Not a bottle but a laptop, tablet, smartphone or anything else not nailed down that you use to access the internet. This is the second article we’ve read this week that looks at the prospects for people taking their own computing power with them, whether that’s children taking their own hardware to school or employees using their own hardware at work. The later case is more complex as issues of corporate security, support contracts and so on raise their tedious heads, all covered in this BBC article.

This all chimes in very nicely with the video we included in our newsletter yesterday about schools saving money by using open source software. Aside from the raft of other advantages schools gain by using open source, imagine the benefit of at one fell swoop doing away with the crippling cost of software purchase (plus licensing updates and so on) AND hardware purchase and maintenance. It would be a staggering saving for every school in the country and it is so achievable.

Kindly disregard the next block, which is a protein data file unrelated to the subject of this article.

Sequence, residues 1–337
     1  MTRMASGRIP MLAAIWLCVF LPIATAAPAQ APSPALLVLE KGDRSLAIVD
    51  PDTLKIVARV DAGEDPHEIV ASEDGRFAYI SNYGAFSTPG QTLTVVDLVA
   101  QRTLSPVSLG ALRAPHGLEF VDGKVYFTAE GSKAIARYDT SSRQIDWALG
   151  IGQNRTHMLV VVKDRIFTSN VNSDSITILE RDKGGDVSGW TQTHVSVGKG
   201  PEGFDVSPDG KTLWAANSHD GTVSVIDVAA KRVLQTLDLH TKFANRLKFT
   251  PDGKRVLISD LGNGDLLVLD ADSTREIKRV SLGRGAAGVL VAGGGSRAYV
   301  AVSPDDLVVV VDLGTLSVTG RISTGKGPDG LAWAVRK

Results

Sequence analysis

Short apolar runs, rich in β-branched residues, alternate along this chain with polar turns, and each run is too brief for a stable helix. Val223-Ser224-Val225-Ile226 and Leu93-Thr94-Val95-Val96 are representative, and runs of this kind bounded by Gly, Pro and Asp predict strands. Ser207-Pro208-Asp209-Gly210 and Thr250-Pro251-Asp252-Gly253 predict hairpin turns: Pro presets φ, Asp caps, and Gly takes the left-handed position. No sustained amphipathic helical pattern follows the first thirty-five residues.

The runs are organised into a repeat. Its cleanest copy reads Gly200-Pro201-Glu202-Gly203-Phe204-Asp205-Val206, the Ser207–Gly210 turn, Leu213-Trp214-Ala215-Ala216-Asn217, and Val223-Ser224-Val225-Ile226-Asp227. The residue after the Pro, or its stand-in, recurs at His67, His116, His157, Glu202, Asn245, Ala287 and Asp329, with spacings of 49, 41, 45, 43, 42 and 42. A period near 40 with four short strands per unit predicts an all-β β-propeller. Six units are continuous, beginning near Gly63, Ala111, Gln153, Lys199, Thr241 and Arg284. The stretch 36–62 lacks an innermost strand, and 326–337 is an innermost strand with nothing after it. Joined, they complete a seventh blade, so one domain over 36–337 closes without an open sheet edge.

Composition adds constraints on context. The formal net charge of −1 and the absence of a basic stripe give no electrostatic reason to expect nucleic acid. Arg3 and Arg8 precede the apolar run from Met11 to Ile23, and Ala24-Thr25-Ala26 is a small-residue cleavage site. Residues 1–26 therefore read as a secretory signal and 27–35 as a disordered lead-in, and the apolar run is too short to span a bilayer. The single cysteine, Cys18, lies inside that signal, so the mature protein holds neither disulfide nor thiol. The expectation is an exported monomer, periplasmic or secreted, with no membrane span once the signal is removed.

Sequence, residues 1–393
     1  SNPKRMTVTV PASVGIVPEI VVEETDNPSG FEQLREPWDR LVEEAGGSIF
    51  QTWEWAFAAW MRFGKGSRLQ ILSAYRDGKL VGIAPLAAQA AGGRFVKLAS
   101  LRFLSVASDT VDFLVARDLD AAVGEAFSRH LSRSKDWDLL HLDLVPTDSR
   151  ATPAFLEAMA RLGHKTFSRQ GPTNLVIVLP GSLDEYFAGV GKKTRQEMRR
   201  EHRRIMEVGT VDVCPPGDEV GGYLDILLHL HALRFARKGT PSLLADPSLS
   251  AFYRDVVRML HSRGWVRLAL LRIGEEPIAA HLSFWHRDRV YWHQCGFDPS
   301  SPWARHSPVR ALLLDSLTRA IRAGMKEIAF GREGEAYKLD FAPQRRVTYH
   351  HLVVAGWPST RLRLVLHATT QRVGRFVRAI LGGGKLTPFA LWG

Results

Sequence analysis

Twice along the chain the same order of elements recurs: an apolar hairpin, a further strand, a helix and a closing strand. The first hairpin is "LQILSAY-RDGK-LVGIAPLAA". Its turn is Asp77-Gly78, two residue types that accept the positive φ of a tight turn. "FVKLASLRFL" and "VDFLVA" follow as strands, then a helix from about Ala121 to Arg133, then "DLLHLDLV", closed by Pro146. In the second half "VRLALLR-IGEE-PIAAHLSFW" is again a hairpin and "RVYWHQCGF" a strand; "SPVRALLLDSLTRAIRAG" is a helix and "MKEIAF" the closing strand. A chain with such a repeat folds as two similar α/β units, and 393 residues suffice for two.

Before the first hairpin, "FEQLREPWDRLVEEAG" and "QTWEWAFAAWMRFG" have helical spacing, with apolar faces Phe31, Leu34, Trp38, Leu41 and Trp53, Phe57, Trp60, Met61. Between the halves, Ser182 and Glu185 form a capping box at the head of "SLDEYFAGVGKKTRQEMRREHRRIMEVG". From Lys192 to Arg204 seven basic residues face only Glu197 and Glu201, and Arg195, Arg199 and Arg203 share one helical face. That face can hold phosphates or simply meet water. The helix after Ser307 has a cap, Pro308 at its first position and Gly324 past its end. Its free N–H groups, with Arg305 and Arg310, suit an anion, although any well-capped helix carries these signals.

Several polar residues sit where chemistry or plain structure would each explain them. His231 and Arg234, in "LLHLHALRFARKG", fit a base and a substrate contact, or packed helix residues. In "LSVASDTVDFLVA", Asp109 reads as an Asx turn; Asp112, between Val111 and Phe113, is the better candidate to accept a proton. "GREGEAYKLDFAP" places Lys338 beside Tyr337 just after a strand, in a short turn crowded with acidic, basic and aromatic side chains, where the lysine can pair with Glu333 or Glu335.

Of course, immediately, it’s pointed out that not every child has access to a computer, never mind something smart and portable, and it would be disingenuous of us to dismiss this consideration; it’s a consideration that applies to so many consumables but it can’t be allowed to prevent progress. Mobile phones come into their own here – and is anyone seriously going to suggest there’s a high school pupil in the country who doesn’t have a mobile phone?? For years there’s been speculation about on-line learning doing away with schools (they appear to co-exist quite happily) but perhaps this is the most likely marriage of technology and schooling.

What do you think? Leave us a comment.

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